A major challenge to treating drug addiction is understanding how learned associations to aversive reinforcers promote avoidant behavior and trigger the onset and relapse of drug use. Studies in non-human animals have begun to elucidate the neurobehavioral mechanisms of avoidance learning, but there have been few efforts to translate these findings to human populations. Neuroplastic brain mechanisms that support long-term memory formation are hypothesized to alter the representations of stimuli and strengthen contextual associations as a function of their incentive properties. The proposed research adopts a cognitive neuroscience perspective to characterize how motivational brain systems modulate declarative memory formation in humans and lead to behavioral avoidance. Although human declarative memory is traditionally probed using list- learning paradigms, recent advances in computer graphics interfaces and immersive virtual reality (VR) technology permit the development of novel navigational avoidance tasks that provide a tighter link with the animal literature and more closely model real-world avoidant behaviors exhibited by drug addicts in response to environmental stressors. Healthy participants will undergo a series of functional magnetic resonance imaging studies that present reinforcing stimuli within the context of both traditional list-learning and novel VR-based navigational learning and memory tasks. The first series of experiments compares the influence of appetitive versus aversive instrumental reinforcers on declarative memory systems. The second series of experiments determines how negative mood states amplify the mnemonic effects of the incentive properties of instrumental reinforcers and motivate reward-seeking (""""""""relief"""""""") as a form of mood repair. The third series of experiments develops a multisensory, immersive VR paradigm that simulates stress-induced avoidance and escape on a naturalistic memory task that combines navigational and list-learning approaches. Functional connectivity modeling, in combination with multiple regression and independent components analyses, will characterize the interactions of motivational and memory systems and their relationship to individual differences in behavioral performance indices and trait markers of avoidance. The proposed studies thus represent a systematic and innovative approach to human avoidance learning that combines cutting-edge VR technology and functional neuroimaging methods. The research findings will bridge a translational gap in understanding how positive reinforcers, mood states, and stressors modify the impact of aversive behavioral consequences on learning and memory systems that help establish internal maps of salient features of the environment.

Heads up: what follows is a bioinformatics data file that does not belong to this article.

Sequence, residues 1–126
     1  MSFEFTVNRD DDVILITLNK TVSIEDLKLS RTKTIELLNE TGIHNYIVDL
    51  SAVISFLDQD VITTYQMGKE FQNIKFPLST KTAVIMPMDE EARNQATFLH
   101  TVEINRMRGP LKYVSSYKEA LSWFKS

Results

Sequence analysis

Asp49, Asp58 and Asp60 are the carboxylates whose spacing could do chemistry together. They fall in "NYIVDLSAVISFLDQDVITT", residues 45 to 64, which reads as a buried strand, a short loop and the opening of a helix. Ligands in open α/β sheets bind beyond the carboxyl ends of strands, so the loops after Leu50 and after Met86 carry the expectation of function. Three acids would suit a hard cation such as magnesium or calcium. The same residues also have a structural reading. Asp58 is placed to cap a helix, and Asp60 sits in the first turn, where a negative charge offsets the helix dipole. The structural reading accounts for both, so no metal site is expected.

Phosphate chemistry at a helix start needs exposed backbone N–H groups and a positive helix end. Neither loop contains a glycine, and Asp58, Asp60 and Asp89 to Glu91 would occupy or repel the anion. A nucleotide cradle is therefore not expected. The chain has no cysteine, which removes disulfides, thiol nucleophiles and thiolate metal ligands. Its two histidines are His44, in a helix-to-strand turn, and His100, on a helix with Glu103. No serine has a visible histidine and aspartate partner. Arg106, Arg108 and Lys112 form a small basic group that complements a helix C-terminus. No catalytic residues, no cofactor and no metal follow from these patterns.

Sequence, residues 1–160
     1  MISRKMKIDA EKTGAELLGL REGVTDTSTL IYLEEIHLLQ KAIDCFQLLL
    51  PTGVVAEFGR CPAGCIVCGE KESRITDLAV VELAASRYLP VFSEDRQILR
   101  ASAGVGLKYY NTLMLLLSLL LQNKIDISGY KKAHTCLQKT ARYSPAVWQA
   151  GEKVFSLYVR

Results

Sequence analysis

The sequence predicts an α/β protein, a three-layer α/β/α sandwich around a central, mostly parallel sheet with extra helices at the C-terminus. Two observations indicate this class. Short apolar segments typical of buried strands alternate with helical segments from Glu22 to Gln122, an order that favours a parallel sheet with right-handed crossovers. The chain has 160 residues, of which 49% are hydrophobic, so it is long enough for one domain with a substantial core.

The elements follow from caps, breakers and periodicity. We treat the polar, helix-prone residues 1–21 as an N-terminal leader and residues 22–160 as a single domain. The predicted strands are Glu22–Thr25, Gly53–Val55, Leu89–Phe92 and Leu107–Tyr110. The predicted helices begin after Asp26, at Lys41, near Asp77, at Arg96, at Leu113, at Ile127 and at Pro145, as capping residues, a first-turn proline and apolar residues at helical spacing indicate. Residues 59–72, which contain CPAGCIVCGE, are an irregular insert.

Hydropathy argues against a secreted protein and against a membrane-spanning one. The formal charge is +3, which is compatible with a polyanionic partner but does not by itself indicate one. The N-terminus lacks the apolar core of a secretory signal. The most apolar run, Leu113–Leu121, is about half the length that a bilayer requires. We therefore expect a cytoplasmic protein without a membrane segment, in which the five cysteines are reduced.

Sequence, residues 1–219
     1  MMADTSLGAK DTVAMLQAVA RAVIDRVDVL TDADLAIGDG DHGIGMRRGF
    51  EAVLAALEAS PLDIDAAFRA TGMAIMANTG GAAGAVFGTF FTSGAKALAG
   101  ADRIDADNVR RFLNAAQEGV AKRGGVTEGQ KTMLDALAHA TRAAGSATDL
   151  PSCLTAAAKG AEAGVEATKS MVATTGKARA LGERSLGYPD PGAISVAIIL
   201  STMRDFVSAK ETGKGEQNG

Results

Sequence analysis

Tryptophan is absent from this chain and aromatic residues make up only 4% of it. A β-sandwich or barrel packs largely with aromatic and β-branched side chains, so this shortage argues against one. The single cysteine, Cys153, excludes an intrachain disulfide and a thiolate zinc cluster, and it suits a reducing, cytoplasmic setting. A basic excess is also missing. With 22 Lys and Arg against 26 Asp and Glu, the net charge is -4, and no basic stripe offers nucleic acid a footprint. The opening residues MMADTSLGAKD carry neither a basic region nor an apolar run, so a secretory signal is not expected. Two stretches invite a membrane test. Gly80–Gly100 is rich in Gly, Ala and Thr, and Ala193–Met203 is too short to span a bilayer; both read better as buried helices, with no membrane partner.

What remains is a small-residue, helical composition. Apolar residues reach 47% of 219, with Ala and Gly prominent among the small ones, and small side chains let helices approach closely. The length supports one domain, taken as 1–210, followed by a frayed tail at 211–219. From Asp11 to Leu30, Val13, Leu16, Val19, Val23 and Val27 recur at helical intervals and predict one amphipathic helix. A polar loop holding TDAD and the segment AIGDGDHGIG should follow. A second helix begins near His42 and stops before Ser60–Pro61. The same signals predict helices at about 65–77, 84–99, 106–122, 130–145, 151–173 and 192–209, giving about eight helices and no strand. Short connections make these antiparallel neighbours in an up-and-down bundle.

Public Health Relevance

In drug addiction, the experience and recall of environmental stressors can trigger the onset and relapse of drug use as a means to escape from life challenges. The proposed research will impact public health by advancing an understanding of how aversive reinforcers modulate memory systems in the brain and promote avoidant behavior. The research also develops new paradigms that could be incorporated into clinical trials to assess how rewards provide relief from negative moods, and to assess escape behavior in a stressful learning context using virtual reality simulations.

National Institute of Health (NIH)
National Institute on Drug Abuse (NIDA)
Research Project (R01)
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Special Emphasis Panel (ZDA1-KXH-C (07))
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Grant, Steven J
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Duke University
Other Basic Sciences
Schools of Arts and Sciences
United States
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